There are few more mythologised cities than Paris, and central to that myth is the Parisienne. Several real-life women have contributed to the myth down the years, from Coco Chanel to the recently deceased Juliette Gréco, from Catherine Deneuve to Vanessa Paradis and, more recently, Instagrammer Jeanne Damas.
Cultivating the myth of the Parisienne is also big business. It has helped sell clothing, perfume, cosmetics and the city itself.
That commercialisation has flattened the idea of the Parisienne into a woman who is invariably white, slim, and dressed in a uniform of trench coat and red lipsticked pout.
An enduring fascination with this trope – where the idealised Parisienne is often held up as the archetype of the French woman – turned books with titles like French Women Don’t Get Fat or How to be Parisian Wherever You Are into international bestsellers. On social media woman became girl to inspire a hashtag: #FrenchGirlStyle.
My own Parisian girlfriends have long rolled their eyes at this one-dimensional cliché so removed from their lived experience. They loved Je ne suis pas Parisienne, a 2019 book by French journalist Alice Pfeiffer who skewers the fabled woman “the whole world talks about, but residents have never met” .
Lindsey Tramuta, a writer from the US who has called Paris home for more than 14 years, is not the first adopted Parisienne to notice the disconnect between myth and reality in the French capital, but she has become one of its most keen-eyed chroniclers.
Three years ago the naturalised French citizen published The New Paris, a guide to the emerging generation of creatives – in design, fashion and food – challenging fusty notions of one of the world’s most visited cities.
“It was spurred by my frustration with the way many people talk about Paris, I wanted to tell a fresher story,” she says, when we meet at a café where the menu features vegan pastries alongside croissants.
Tramuta’s second book, The New Parisienne: the Women and Ideas Shaping Paris, takes aim at more stubborn stereotypes which she admits she once fell for as a newly-arrived student in the city.
“It’s hard to say what the bigger betrayal was,” she writes. “The lies I was told about the way Parisian women behaved and lived or being hoodwinked by them for so long.”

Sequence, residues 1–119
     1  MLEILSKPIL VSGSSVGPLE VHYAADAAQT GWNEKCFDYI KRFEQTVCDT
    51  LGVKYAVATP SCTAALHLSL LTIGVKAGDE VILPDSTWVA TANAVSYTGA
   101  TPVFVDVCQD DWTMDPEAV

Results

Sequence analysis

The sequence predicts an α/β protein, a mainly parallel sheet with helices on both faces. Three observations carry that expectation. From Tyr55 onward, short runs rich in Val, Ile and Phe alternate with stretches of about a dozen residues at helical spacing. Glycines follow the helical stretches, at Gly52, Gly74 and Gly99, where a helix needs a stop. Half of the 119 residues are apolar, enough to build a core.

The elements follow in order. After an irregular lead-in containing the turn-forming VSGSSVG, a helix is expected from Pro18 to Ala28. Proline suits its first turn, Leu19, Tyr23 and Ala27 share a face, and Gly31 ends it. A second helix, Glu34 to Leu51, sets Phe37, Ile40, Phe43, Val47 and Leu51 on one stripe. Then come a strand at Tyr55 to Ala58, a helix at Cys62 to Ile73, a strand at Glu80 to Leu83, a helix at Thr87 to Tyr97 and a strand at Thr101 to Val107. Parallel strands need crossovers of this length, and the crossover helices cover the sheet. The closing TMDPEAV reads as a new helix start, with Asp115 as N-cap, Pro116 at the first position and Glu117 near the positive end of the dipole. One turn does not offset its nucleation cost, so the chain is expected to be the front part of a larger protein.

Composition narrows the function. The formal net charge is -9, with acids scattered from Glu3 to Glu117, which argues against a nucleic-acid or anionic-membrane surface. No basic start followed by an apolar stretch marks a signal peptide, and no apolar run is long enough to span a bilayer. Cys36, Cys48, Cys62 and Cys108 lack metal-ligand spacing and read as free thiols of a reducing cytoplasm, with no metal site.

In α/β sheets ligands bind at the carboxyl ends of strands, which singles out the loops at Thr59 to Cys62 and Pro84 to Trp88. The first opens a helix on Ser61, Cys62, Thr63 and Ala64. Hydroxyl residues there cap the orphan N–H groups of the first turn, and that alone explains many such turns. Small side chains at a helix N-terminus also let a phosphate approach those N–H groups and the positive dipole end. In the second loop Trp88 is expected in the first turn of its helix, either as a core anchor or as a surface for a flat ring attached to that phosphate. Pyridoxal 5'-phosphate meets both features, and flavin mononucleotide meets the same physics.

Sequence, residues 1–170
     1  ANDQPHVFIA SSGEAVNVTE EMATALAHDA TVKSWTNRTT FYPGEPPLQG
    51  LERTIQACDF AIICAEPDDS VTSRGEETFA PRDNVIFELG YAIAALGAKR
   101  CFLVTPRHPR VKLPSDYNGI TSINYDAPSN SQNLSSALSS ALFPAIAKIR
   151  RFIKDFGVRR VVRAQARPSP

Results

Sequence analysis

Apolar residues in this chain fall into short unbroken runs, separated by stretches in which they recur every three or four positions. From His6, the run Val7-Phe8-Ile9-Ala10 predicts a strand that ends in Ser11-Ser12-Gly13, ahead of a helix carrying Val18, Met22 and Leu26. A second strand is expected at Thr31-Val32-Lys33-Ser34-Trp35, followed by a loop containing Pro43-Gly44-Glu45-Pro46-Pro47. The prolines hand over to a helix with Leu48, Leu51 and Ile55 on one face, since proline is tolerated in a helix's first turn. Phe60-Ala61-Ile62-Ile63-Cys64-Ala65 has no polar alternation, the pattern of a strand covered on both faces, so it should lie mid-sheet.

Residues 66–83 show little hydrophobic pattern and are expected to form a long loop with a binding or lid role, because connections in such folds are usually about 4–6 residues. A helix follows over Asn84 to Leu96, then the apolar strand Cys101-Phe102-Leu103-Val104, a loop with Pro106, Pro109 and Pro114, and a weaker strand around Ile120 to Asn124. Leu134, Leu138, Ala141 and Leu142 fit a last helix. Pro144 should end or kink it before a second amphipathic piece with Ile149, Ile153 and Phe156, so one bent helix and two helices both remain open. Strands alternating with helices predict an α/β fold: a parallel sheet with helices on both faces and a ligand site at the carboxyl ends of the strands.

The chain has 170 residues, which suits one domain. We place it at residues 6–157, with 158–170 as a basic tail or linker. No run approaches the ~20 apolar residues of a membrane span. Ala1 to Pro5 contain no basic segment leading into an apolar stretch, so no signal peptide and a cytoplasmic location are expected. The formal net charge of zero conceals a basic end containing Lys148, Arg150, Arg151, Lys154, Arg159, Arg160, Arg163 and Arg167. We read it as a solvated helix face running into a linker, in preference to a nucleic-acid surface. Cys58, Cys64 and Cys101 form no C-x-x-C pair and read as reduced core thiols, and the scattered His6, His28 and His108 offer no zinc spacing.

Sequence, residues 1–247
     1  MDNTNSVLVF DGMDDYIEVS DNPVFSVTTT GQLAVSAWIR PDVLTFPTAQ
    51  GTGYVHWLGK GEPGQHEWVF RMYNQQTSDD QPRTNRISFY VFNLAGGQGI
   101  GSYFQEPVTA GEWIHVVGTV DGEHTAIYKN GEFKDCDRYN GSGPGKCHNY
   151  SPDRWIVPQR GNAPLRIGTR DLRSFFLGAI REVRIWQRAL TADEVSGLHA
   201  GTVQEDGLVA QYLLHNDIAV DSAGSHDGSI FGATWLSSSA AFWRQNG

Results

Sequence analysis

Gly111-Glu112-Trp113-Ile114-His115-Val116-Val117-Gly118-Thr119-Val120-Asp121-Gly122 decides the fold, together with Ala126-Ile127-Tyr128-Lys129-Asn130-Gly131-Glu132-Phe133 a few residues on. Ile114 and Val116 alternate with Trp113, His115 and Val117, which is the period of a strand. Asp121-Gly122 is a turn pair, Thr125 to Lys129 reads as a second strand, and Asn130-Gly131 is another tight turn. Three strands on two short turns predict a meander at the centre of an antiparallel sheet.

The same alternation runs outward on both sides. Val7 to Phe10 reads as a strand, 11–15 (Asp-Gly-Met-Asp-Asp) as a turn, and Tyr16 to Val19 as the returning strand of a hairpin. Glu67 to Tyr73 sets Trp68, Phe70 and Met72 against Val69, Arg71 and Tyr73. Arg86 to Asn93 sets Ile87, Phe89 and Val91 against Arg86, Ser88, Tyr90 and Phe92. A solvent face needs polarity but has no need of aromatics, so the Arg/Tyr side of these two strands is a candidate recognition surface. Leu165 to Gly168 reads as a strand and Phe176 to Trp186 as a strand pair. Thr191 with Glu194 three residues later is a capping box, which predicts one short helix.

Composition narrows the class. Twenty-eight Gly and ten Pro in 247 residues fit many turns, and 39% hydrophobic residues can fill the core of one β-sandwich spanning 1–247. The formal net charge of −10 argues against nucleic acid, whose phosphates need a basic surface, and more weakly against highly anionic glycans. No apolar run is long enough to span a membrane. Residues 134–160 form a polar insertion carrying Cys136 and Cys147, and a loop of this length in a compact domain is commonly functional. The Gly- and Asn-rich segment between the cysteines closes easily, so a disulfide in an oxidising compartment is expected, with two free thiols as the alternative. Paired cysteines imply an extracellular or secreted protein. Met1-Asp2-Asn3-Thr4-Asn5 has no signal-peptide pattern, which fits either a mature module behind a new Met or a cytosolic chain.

“There’s a whole image around the Parisienne that needs to be reconstructed because it’s been a long time since she’s looked like Brigitte Bardot or Edith Piaf, ” she says. “Paris is one of the most multicultural cities of Europe. ”
It’s the city of rabbi Delphine Horvilleur and Mexican-born trans activist Clémence Zamora-Cruz.
The city where French Olympic medallist boxer Sarah Ourahmoune grew up, the only Muslim – along with her brother – in a Catholic school.
The city where Franco-Moroccan author Leïla Slimani wrote and set her bestselling novel, Lullaby, and where Beirut-born obstetrician-gynaecologist Ghada Hatem Gantzer opened La Maison des Femmes, a pioneering refuge.
The city where women chefs, bakers and mixologists – often with proudly hyphenated identities – are reinventing the culinary landscape.
Tramuta tells the stories of all these and more, capturing the women of Paris - from social entrepreneurs to engineers and filmmakers – in all their rich diversity.
Along with the profiles of some 50 New Parisiennes, spliced with images by photographer Joann Pai, the book delves into broader discussions of identity and belonging in contemporary France. The question of what it means to be French fuels endless debate in the country, particularly when it touches on issues related to race, discrimination and the legacies of colonialism.
The fact the Parisienne of advertising campaigns – the “branded Parisian” as Tramuta puts it – is usually white says much.
As does the fact that since the late 1960s many of the celebrities that have fed the myth of the Parisienne – from Brigitte Bardot to Deneuve – have served as models for Marianne, the personification of the French republic.
Tramuta cites Alice Pfeiffer on what she calls France’s “whitewashing” of the image it presents both to the world and to itself: “It works in France’s favour…[because] then they don’t have to address their colonial past,” Pfeiffer argues.
The book’s publication this summer coincided with Black Lives Matter demonstrations in France and the continuing impact of the Me Too movement. “I didn’t expect it to tap into so many live conversations right now on race and women,” says Tramuta. “One French reader said it was very prescient.”
There is also a generational element: the push back against the idealised Parisienne at home and abroad has been relatively recent and spearheaded by millennial women like Tramuta and Pfeiffer.
Part coffee-table book, part guide to the City of Light, The New Parisienne includes recommendations from Tramuta and her interviewees on their favourite women-run businesses, preferred neighbourhoods and personal rituals.
She considers the book not just a challenge to a pernicious myth but also part of a wider conversation: “I hope this will be the beginning of a new way of thinking about not only the women of Paris and the way they are inhabiting the city, but about women in general.”